I feel sorry for Terry Gilliam. Not only was he always thought of as the 'other' Python - the American one who did the animations, but rarely appeared onscreen - but in his career as a film director, most of his projects have been besieged by problems. None quite reached the grand failure of his Don Quixote project which, after a couple of weeks of filming, ended up with no star and sets destroyed by thoughtless weather. A decade and a half earlier, Gilliam did manage to bring to life the improbable stories of a larger than life character in The Adventures of Baron Munchausen, made for the then almost unprecedented sum of $46 million, which even today isn't a small sum of money. Unfortunately, Baron Munchausen turned out to be just a little too ambitious and extraordinary for the public - despite generally good reviews - and turned into one of the biggest flops in history. Fortunately Gilliam still makes films and we can only hope that he ultimately becomes the success he ought to be.
I was fortunate enough to be present at the premiere of Michael Kamen's wonderful tone poem/symphony The New Moon in the Old Moon's Arms and none other than Gilliam himself was in the audience. Not bad going considering the pair only worked together on this, Brazil and their final collaboration Fear and Loathing in Las Vegas. Baron Munchausen is the kind of surreal epic that can't fail to ignite the imagination of a composer and yet, like the film itself, Michael Kamen's musical ambitions don't quite hang together despite some typically deft touches. The Town opens with a bouncy madrigal style whistle tune, an idea that appears from time to time throughout, but this gives way to The Sultan and the song, The Torturer's Apprentice, with lyrics by Eric Idle in distinctly silly and Pythonesque mood. The score's main theme is a fairly good heroic tune, perhaps more suited to represent the Baron's adventures rather than the Baron himself. However, there are quite a few rather silly passages, notably the daft march in the middle of On the Moon. It's meant to be mocking and slightly loony, but frankly mock pomposity can be achieved with more agreeably musical results, although a paraphrase of Beethoven's Moonlight Sonata is a nice touch.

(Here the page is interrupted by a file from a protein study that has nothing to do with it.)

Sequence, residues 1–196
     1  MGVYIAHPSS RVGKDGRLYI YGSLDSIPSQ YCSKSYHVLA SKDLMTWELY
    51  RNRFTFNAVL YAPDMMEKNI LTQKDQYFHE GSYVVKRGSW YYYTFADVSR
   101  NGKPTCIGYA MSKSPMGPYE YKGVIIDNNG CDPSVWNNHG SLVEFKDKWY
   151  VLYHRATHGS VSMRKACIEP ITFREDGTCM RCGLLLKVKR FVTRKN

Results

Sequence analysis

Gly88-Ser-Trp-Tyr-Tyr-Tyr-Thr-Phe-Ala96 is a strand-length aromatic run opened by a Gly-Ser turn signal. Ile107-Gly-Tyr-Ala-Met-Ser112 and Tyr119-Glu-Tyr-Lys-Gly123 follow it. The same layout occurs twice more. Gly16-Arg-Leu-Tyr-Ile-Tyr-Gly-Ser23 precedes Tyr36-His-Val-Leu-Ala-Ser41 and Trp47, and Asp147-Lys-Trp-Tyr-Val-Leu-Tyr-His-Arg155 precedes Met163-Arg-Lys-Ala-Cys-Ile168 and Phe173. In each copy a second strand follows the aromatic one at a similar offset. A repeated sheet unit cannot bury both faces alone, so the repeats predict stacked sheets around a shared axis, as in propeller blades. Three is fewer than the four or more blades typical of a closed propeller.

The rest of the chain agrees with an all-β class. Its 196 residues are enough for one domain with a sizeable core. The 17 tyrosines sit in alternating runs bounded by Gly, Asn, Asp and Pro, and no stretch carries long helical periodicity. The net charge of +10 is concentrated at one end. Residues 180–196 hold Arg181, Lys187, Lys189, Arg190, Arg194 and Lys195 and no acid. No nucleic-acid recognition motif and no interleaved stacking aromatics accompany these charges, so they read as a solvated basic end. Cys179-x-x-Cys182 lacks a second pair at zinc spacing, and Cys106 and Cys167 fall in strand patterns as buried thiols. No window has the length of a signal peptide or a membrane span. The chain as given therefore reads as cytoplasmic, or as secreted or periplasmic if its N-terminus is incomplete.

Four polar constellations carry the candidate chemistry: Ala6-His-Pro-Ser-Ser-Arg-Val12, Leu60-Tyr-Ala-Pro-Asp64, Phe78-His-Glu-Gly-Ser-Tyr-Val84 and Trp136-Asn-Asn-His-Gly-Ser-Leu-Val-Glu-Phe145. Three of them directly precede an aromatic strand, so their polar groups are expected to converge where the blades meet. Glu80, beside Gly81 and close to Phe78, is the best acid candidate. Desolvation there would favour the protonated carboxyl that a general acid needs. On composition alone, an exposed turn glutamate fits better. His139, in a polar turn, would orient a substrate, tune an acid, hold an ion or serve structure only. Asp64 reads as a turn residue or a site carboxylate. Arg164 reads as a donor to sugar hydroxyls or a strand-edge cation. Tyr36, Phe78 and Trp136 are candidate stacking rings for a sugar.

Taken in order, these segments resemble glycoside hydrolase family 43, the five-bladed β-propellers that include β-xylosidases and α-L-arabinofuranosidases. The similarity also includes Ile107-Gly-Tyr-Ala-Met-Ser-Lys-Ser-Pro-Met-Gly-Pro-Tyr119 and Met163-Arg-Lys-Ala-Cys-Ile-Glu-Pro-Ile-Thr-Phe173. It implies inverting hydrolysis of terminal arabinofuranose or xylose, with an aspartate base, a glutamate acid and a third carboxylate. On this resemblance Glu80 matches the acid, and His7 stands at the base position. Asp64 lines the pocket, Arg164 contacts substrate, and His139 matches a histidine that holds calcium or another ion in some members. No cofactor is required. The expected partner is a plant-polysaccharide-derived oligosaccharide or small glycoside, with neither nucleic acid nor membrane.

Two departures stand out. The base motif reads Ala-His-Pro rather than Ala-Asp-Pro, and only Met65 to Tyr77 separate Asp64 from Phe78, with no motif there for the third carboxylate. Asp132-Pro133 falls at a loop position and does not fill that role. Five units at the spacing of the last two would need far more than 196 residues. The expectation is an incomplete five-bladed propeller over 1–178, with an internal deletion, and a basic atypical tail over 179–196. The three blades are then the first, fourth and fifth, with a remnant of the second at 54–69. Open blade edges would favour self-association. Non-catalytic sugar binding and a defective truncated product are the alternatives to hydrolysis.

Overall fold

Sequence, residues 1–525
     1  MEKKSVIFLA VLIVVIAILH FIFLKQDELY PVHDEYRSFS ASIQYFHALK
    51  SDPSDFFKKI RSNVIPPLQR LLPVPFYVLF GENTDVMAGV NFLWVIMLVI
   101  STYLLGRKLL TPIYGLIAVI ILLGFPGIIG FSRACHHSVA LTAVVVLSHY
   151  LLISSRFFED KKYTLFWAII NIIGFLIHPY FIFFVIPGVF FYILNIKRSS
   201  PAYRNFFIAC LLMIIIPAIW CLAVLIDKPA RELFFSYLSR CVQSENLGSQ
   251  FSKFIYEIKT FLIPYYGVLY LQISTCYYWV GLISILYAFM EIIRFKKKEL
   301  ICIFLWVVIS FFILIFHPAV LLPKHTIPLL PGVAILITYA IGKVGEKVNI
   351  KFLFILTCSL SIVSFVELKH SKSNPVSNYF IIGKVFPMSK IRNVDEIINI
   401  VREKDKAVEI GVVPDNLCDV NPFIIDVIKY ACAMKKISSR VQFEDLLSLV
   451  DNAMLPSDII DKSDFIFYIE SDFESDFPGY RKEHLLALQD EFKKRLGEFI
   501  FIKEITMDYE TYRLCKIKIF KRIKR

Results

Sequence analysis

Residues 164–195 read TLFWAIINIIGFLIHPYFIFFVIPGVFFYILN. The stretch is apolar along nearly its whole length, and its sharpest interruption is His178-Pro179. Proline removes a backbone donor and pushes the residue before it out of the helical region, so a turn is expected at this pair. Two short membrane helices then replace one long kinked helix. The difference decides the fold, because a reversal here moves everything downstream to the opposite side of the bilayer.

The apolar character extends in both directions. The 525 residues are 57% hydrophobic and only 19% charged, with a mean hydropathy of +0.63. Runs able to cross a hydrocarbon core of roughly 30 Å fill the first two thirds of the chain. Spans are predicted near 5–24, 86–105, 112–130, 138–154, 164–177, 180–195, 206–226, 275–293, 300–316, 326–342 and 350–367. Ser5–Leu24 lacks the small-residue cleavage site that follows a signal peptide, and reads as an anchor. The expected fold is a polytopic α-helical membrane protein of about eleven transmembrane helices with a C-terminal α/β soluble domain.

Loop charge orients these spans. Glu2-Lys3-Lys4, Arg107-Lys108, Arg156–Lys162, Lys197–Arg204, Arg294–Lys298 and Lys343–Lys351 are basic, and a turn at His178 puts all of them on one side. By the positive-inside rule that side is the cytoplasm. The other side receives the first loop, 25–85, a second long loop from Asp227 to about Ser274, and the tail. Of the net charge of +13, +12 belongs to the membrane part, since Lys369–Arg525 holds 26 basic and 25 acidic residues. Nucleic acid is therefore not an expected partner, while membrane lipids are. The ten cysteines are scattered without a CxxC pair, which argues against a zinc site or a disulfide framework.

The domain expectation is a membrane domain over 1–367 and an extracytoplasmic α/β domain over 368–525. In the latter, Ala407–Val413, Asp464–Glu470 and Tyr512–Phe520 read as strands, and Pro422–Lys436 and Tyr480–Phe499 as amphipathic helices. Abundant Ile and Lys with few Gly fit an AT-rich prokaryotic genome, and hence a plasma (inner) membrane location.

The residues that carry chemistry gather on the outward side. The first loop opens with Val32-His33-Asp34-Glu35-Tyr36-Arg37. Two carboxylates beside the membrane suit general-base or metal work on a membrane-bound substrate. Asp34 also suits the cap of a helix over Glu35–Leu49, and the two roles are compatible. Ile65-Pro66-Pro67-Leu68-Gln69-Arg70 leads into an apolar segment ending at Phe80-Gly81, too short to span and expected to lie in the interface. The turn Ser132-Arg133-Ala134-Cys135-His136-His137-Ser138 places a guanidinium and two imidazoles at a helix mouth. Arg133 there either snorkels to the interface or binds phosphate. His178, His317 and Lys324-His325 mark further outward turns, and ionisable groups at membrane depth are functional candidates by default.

Although there are enough rousing orchestral passages, synthetic versions of some instruments, as well as entirely synthetic ones are used throughout. The comedic music, in particular, uses a number of them and sometimes they work, but often they don't. Although they sometimes suggest a score on a budget, the ghostly chorus of In the Belly of the Whale - an album highlight - suggests the opposite. The limitations of the Graunke Orchestra become a little more obvious in The Final Battle where the brass sound flatulent rather than bold, although Kamen's distinctly edgy and churning music is exciting, especially when the main theme sounds out in heraldic fashion. A difficult score to rate as some of it is very good, but much of it is rather daft and stops being engaging. I can happily cope with improbable sounding music (anyone who's heard any of Ennio Morricone's comedy scores will know true musical weirdness), but Kamen was perhaps working too hard to be kooky, when he should have just played it a little bit more straight. The album is out of print and how very hard to find, although Kamen fans would be advised to grab any copy they are lucky enough to happen upon.